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Adopting Open Innovation to Stimulate Frugal Innovation and Reverse Innovation

Adopting Open Innovation to Stimulate Frugal Innovation and Reverse Innovation

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Published by: Crowdsourcing.org on Feb 16, 2013
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Electronic copy available at: http://ssrn.com/abstract=2197782
Adopting Open Innovation to StimulateFrugal Innovation and Reverse Innovation
Mokter Hossain
Institute of Strategy
Department of Industrial Engineering and Management
Aalto University, Espoo, Finland
Electronic copy available at: http://ssrn.com/abstract=2197782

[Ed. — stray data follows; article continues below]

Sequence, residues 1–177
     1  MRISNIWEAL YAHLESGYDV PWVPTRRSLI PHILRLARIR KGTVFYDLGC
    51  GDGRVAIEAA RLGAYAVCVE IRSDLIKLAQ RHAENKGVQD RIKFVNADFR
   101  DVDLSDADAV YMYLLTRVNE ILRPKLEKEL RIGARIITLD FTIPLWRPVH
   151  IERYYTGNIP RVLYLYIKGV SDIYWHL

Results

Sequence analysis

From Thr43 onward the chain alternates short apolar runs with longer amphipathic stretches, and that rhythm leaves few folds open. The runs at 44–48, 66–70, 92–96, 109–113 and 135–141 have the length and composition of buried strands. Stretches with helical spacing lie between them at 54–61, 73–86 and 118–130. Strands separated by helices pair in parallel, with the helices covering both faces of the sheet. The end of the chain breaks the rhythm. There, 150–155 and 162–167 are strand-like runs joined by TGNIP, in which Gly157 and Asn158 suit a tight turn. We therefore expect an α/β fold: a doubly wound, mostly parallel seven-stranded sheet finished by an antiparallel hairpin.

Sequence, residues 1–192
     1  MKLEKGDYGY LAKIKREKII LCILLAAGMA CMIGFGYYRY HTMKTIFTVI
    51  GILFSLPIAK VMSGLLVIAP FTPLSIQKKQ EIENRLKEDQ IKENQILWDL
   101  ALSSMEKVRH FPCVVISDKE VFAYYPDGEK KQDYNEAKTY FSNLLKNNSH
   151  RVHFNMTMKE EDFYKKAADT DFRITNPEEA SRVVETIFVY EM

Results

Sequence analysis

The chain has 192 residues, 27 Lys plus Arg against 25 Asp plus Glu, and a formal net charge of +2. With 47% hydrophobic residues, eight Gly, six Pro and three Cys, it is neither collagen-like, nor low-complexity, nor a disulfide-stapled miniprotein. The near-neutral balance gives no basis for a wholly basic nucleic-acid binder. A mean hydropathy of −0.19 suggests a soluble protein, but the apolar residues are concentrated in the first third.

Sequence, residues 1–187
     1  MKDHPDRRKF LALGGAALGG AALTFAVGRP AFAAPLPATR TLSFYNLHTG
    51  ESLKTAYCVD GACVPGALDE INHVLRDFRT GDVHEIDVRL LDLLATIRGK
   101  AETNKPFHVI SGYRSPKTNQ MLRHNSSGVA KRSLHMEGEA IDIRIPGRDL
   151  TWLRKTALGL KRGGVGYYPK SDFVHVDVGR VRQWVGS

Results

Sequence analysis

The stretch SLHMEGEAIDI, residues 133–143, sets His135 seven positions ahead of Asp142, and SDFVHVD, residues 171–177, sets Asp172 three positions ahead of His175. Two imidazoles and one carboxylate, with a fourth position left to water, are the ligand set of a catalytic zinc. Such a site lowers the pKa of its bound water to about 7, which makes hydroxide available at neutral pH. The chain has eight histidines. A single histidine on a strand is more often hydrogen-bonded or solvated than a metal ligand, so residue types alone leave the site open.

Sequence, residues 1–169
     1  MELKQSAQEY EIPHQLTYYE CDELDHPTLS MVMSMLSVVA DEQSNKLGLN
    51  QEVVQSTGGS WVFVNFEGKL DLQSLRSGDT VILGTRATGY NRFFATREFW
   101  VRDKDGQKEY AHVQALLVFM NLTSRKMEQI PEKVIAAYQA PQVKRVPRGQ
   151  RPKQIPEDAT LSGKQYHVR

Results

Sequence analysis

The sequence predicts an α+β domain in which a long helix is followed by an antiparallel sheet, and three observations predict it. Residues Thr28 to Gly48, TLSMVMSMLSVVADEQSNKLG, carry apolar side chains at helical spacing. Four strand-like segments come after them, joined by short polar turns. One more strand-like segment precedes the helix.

Frugal innovation and reverse innovation have very recently emerged as interesting concepts.Frugal innovation is based on cost constraints to serve low-income customers in developingcountries. When frugal innovation comes to developed countries and become commerciallysuccessful it is considered as reverse innovation. Recently, many companies, such as GE,Siemens, Procter & Gamble, etc. have engaged heavily in frugal innovation and in reverseinnovation. Open innovation, on the other hand, has not been considered in the context of low-income customers in developing countries yet. We argue that using open innovation concept indeveloping countries may accelerate the pace of frugal innovation and reverse innovation.Consequently, quality product with low-income will be widely available not only in developingcountries but also in developed countries. Hence, western companies need to change their longhold business strategies and reshape their business models. This study aims to illustrate whycompanies from rich countries need to be aware of and take step to become successful adoptingfrugal innovation and reverse innovation.